Shooting a local PBS documentary, need help please!

Started Jun 15, 2017 | Discussions thread
Robbster Regular Member • Posts: 304
Re: Shooting a local PBS documentary - another vote for G85, audio recos

What a great opportunity and experience!

I shoot a lot of video of research with people in their homes and other natural environments, so might be somewhat analogous to your up coming context. I can purchase anything, so it is not about price for me, rather, what kit has the right balance of quality audio/video, toughness and reliability, light weight enough to travel the globe and simple enough to still be usable when tired and jet lagged. I shoot 100% ambient light, and research events may be 2 hours long or more.

My first m43 video kit was built around the venerable Panasonic GH1, and has been through a dozen or so variations since, including brief forays into various camcorder options and APSC (Nikon, Sony a6300), so there are quite a few years of practical field work behind my current choices.

Current kit is as follows for these requirements.  Just got back from using this in Asia and also shot some research in homes in US this week:

  • Panasonic G85.  Unlimited record times, outstanding video features and quality, requisite external audio input, compact size compared to GH5, etc.
  • Pany-Leica 12-60mm f2.8-4 lens protected with best B+W UV Haze filter and super-multi nano coating.  Great zoom range for interviewing, faster for better results in ambient light, etc.  Likely only lens you would need.  Portrait focal lengths are also great for interview discussions, but zoom is critical to accommodate range of real world locations and constraints. 
  • Shotgun audio - Shure LensHopper VP83
  • Lapel or table top audio - Sony ECMAW4 BT mic with right cables to convert mono receiver output to stereo camera input
  • Sirui P-224S 63" 4-Section Carbon Fiber Monopod & Case - Which has feet as well so you can hold it or use it free standing.
  • Manfrotto 324RC2 light duty grip ball head
  • Odds and ends like extra batteries for the camera and mics, chargers, SDXC cards, etc.
  • Packs down to one mid-size LowePro camera bag and the bag for the Sirui. Fits in my 27" roller suitcase with clothes and such, or is easy to carry-on an airplane as well.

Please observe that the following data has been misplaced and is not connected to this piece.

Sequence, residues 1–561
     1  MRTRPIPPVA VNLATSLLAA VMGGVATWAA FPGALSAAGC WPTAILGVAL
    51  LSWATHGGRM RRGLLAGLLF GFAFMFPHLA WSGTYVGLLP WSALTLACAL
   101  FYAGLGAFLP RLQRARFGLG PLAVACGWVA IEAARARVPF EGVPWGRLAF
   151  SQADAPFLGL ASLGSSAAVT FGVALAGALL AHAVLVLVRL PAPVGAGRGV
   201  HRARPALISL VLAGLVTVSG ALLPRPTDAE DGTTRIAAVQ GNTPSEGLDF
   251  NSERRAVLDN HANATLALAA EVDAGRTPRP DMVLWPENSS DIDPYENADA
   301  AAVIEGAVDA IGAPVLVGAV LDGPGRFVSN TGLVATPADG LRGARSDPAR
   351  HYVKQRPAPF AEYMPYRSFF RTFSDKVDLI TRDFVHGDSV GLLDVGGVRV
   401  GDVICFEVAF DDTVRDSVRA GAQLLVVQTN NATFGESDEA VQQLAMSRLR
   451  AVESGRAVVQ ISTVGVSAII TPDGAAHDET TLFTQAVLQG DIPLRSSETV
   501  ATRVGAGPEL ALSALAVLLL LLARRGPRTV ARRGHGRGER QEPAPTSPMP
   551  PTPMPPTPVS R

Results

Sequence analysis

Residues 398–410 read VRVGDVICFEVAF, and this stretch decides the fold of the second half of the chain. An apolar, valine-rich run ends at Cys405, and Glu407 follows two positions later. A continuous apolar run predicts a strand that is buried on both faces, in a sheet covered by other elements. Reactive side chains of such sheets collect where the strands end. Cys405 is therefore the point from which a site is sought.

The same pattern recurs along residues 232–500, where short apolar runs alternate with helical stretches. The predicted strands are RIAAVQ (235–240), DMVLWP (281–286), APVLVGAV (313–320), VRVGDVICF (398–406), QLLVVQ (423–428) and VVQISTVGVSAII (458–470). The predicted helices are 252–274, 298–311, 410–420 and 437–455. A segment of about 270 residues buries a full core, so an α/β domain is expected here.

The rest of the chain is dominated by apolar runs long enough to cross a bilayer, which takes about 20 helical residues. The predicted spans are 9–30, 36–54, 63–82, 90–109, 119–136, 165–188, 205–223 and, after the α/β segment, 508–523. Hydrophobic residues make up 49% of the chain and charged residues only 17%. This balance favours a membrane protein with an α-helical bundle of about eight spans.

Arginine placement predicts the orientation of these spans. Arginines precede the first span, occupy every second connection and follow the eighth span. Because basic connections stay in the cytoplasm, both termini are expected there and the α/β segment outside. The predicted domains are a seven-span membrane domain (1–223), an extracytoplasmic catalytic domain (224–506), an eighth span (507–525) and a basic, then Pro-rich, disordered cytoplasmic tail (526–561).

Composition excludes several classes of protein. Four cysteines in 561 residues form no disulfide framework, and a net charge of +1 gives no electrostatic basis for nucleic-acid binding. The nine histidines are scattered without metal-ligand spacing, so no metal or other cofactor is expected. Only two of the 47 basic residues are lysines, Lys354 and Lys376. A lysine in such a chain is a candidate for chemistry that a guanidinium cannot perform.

For your situation I might swap the Sure VP83 for the VP83F which records to sd card on the mic while simultaneously passing very clean audio to the camera, and wrap the mic in a good Windjammer for outdoor shots.  Tradeoff on the VP83F is much shorter battery life and a bit more complex to use, but you would then have two high quality audio recordings.

There are tons of nuanced reasons behind these choices, so wont go in to them here, but happy to answer questions.

Few key tips:

  • Good audio is harder to get than good video. Invest here and practice in a variety of conditions before you go. Change batteries ahead of when needed, and learn which settings give best results with you camera/mic combinations.
  • Shoot pretty much everything with the camera on the monopod, it is still super flexible in that you can hold it, walk with it, and let it stand on its own, all in a single take. When walking with it in hand, works like a steadycam. Also keeps the camera away from your face so you can interact with folks you are talking to more naturally.
  • Find the camera settings that give you the best continuous autofocus and auto exposure results in video mode and dedicate these to a custom setting/button so you can be up and running quickly.
  • Practice using ambient light to get a good image, i.e., avoid strong backlights and top down lighting of course, but also moving folks around to take advantage of window and other ambient light that comes in closer to eye level. A little natural side lighting can make for a great shot of a person, with a bit of depth and character from the shadows if not too strong.
  • Don't be afraid of long takes with natural fits and starts in either the conversation or the setting, as professionals are going to edit for you, and you need to focus on getting the raw material for them in ways that your subjects find comfortable.  Its more about a natural discussion that you happen to be recording than an "interview".
  • Keep the camera rolling for a bit before yoy say "let's start" and after you say "OK, we're done", as sometimes the most interesting comments follow after the pressure is off so to speak!
  • Take a few shots of the environment, i.e., house, street, whatever, as these B-roll shots can be used by the editors to set the scene for the viewer.
  • The idea is to keep your kit simple enough and for you to be practiced and confident enough with using it that the hardware fades into the background for both you and the folks you are recording, and you can focus more on the conversation and context.

Net, this is a really cool project and with a little care in kit selection and practice with the hardware before you go, you can both have a lot of fun and get a great result!

All the best!


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